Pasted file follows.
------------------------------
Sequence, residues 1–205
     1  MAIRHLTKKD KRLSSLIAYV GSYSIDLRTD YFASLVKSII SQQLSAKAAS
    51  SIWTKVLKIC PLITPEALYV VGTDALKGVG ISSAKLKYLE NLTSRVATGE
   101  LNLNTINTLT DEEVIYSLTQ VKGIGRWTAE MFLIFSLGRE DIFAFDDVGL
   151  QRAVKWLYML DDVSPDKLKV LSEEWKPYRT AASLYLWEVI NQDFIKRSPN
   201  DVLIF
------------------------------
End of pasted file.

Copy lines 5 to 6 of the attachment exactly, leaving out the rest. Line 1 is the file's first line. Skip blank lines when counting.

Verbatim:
   151  QRAVKWLYML DDVSPDKLKV LSEEWKPYRT AASLYLWEVI NQDFIKRSPN
   201  DVLIF